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  • La Mesita Family Homeless Shelter opens

    Tough times inevitably hit everyone, and now, families without a home have a place to go in Mesa.La Mesita Family Homeless Shelter, 2254 W. Ella St., will offer housing for families for up to 120 days as they work to overcome their obstacles.The shelter is operated by Mesa-base A New Leaf and has 16 fully furnished one- and two-bedroom units. Families will be provided food, hygiene products and clothing upon entry.The opening of La Mesita Family Homeless Shelter is phase two of a three-phase, long-term project that will see the addition of 30 new additional housing units for the chronically homeless starting in 2016.For more information about La Mesita Family Homeless Shelter, visit www.TurnANewLeaf.org or call A New Leaf at (480) 969-4024.

  • Mesa taking first steps to end veteran homelessness

    A little less than a month ago, Mesa Mayor John Giles accepted the Mayors Challenge to End Veteran Homelessness.The next challenge is getting the program off the ground.The program, co-chaired by Mesa Councilmembers Kevin Thompson, an Air Force veteran himself; and Chris Glover, plans to offer Veterans Affairs Supporting Housing vouchers from the U.S. Department of Housing and Urban Development to homeless veterans, which they can use to pay for housing.The program is still in its infancy and Thompson said he and Glover are working to get the program on its feet.The first step is identifying the veterans that are in need of housing.“We’re working with our housing group. We’re working with other agencies and entities to help us to identify who our veterans are who are on the streets,” Thompson said. “Once we identify them we have the housing vouchers that we can use that will get them into an apartment or something to get them off the street.”

  • 2 Valley hospitals offering stroke checks May 11

    Tempe St. Luke’s Hospital and Mountain Vista Medical Center in Mesa are partnering with the American Heart Association and American Stroke Association to offer free stroke-risk assessments May 11, from 9 a.m. to noon.The hospitals will provide free screenings that may include blood pressure checks, cholesterol screenings, pulse checks for peripheral artery disease and body mass index calculations.Additionally, attendees can fill out stroke-risk assessment checklists, enjoy light, heart healthy refreshments and will have the opportunity to speak with medical professionals such as a cardiologist, nutritionist and pharmacist regarding screening results.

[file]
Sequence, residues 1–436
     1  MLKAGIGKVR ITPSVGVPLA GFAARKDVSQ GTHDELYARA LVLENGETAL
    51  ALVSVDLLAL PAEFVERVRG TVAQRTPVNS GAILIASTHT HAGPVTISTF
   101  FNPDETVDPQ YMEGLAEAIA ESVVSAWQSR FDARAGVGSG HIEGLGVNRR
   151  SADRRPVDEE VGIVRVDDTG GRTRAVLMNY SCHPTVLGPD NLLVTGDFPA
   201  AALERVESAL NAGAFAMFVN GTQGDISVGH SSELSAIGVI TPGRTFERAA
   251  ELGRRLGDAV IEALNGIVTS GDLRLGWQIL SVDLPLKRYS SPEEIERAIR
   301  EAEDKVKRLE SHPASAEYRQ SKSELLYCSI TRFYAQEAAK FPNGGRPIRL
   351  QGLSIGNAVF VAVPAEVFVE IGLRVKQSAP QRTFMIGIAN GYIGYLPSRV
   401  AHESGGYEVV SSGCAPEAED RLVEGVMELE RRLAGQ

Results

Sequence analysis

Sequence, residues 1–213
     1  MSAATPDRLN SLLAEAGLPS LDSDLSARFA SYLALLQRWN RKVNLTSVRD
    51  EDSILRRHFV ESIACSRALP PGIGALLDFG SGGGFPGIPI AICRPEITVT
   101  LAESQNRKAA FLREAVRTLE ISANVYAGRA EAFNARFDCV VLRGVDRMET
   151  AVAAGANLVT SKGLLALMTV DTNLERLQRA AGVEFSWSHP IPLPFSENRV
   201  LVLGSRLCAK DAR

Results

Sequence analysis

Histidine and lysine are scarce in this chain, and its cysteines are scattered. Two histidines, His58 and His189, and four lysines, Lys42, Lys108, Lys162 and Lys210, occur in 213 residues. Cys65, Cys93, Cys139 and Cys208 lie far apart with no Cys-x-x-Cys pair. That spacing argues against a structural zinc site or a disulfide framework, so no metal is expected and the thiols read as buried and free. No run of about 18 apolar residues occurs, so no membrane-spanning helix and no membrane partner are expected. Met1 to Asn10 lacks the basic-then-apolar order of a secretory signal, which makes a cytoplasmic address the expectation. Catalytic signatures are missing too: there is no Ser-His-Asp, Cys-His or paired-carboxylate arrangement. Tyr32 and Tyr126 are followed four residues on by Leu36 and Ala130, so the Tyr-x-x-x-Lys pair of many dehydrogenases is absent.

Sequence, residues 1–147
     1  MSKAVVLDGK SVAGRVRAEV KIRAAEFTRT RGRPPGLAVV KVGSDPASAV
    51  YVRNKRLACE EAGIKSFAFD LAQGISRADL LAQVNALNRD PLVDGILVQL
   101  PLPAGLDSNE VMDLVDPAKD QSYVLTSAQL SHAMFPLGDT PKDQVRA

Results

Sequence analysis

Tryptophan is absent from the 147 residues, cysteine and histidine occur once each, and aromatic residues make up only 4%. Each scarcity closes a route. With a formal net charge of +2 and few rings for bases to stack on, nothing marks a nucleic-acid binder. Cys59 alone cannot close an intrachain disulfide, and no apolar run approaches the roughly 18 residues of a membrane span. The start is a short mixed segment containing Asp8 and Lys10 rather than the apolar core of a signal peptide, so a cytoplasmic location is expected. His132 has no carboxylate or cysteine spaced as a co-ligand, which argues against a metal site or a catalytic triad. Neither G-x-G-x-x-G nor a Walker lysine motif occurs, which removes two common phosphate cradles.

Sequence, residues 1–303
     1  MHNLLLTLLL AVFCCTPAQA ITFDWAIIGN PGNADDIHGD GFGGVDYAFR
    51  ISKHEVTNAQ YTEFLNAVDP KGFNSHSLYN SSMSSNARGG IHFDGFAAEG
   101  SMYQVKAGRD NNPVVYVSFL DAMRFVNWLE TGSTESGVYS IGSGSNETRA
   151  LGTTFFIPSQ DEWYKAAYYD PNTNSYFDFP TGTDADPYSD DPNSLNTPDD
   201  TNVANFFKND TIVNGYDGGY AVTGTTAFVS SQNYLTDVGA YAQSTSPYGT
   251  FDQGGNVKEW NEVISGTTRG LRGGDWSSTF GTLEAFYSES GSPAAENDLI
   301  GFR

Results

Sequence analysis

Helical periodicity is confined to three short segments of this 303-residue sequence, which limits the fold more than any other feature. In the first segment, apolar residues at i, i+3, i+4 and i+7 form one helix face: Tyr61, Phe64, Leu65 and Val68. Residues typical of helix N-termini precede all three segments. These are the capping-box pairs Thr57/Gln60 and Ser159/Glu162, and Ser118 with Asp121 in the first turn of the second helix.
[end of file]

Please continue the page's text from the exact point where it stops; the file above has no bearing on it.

• Chandler native fights pediatric AIDS

    For the past two years, Nick Jensen, Chandler native and senior at UCLA, has participated within the Pediatric AIDS Coalition (PAC) with one goal in mind: to give back to the community that has given him so much.According to Mikki Leach, PAC’s executive director of logistics, the organization is student-run at UCLA that works to eliminate pediatric HIV and AIDS through active, educational and mentorship programs within the greater Los Angeles area as well as through fundraising for beneficiaries fighting toward the same goal.Jensen joined PAC during his junior year, where his duties were to contact corporations around Los Angeles in efforts to acquire donations for the annual Dance Marathon.The Dance Marathon is PAC’s biggest event, which is a 26-hour dance-a-thon that raises funds for the Elizabeth Glaser Pediatric AIDS Foundation, UCLA AIDS Institute, Project Kindle, and PAC’s own direct service model.“Since its inception, Dance Marathon has raised nearly $4 million for the fight against pediatric HIV/AIDS,” Leach said in an email. “These funds have been used to treat women and children across the global for their medical and psychological needs and also fund ground-breaking HIV/AIDS research.”After his first Dance Marathon experience, Jensen said he knew he had to get more involved in PAC, and applied to become a director during his senior year.

  • One great act to follow

    Last December, Adalin Mena’s third-grade class from Mesa’s Longfellow Elementary traveled to Peoria to see “The Quiltmaker’s Gift” at Theater Works — through a program operated by local nonprofit, Act One.For many, it was their first performing arts event, and for some, without the help of this transformative program, they might never have had the chance to see any stage production.“My class had so much fun, and it was a great experience since many of them don’t get the opportunity to really go and see theater,” Mena said. “Act One allowed us to, one, take a field trip that we normally would not be able to afford, and two, provide an experience that the students normally would not be able to afford on their own. They had a great time.”Founded by Valley arts champions, Linda (“Mac”) and Russ Perlich, Phoenix-based Act One provides K-12 students and teachers from Title 1 schools with little or no arts programming the opportunity to attend theater cost free in Maricopa and Pima counties.During the founding year of 2011, Act One engaged 6,000 Title 1 students in the Phoenix area in educational arts field trips. This year, 24,000 students from these underserved schools will have that potentially life-changing experience, bringing the four-year total to 75,000. The final field trip this season will be May 7, at the Tucson Symphony Orchestra.“For the students we serve this is often their very first experience with a live performance,” said Megan Jefferies, executive director of Act One. “Without this program, this bridge to the performing arts, these schools do not have the resources to pay for tickets and transport their students to and from museums and theaters. Students are energized and inspired by the experience, and their teachers see a difference in the classroom.”

  • Mesa uses undercover operations to prevent child sex trafficking